A spinal tumor is a growth of cells (mass) in or surrounding the spinal cord. A tumor can be harmless(benign) or dangerous(malignant).
A small number of spinal tumors occur in the nerves of the spinal cord itself. Tumors that start in spinal tissue are called primary spinal tumors. Tumors that spread to the spine from some other place (metastasis) are called secondary spinal tumors. Tumors may spread to the spine from the breast, prostate, lung, and other areas.
The cause of primary spinal tumors is unknown. Some primary spinal tumors occur with genetic defects.
Spinal tumors can occur:
- Inside the spinal cord (intramedullary)
- In the membranes (meninges) covering the spinal cord (extramedullary – intradural)
- Between the meninges and bones of the spine (extradural)
Or, tumors may extend from other locations. Most spinal tumors are extradural.
As it grows, the tumor can affect the:
- Blood vessels
- Bones of the spine
- Nerve roots
- Spinal cord cells
The tumor may press on the spinal cord or nerve roots, causing damage. With time, the damage may become permanent.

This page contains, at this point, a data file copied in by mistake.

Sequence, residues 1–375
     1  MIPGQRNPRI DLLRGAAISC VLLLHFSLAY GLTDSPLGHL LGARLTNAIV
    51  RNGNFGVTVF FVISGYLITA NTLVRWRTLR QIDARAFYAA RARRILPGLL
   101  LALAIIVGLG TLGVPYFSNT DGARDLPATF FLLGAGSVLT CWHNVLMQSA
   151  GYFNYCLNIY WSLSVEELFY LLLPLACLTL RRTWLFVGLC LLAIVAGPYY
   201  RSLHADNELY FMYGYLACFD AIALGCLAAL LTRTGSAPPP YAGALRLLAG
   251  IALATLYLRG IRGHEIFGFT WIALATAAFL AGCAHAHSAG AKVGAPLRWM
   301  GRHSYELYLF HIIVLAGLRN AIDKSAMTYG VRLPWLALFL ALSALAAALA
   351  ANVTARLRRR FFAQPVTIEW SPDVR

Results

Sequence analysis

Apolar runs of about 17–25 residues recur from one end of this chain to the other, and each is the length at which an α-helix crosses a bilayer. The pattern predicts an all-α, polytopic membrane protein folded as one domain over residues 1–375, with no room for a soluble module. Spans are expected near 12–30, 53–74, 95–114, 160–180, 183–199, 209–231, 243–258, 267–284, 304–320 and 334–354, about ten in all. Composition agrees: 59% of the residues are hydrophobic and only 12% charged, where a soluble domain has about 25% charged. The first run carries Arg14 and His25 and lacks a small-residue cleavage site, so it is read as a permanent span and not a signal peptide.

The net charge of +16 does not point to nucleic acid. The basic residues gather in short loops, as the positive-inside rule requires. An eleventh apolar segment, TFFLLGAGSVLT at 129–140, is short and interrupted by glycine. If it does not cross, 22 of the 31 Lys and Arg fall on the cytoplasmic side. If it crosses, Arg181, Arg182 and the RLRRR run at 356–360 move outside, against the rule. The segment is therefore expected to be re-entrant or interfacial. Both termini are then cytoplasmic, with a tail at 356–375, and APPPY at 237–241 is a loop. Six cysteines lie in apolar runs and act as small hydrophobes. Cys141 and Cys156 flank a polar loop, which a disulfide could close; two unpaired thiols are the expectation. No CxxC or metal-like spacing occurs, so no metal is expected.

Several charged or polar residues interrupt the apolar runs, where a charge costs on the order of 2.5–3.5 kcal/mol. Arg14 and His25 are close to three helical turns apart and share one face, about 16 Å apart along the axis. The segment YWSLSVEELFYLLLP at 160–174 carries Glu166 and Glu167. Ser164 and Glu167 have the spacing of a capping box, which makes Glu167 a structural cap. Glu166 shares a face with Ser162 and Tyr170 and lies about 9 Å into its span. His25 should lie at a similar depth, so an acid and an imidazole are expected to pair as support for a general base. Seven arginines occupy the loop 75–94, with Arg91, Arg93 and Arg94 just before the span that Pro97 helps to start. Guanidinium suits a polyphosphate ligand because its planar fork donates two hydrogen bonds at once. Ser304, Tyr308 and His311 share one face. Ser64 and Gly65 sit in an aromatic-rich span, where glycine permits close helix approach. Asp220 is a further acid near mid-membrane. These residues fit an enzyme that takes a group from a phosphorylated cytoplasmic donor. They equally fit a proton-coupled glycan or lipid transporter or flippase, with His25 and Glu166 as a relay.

The symptoms depend on the location, type of tumor, and your general health. Tumors that have spread to the spine from another site (metastatic
tumors) often progress quickly. Primary tumors often progress slowly over weeks to years.
Tumors in the spinal cord usually cause symptoms, sometimes over large portions of the body. Tumors outside the spinal cord may grow for a long time before causing nerve damage.
Symptoms may include:
- Abnormal sensations or loss of sensation
- Fecal incontinence
- Inability to keep from leaking urine (urinary incontinence)
- Muscle contractions, twitches, or spasms (fasciculations)
- Muscle function loss
- Muscle weakness (decreased muscle strength not due to exercise):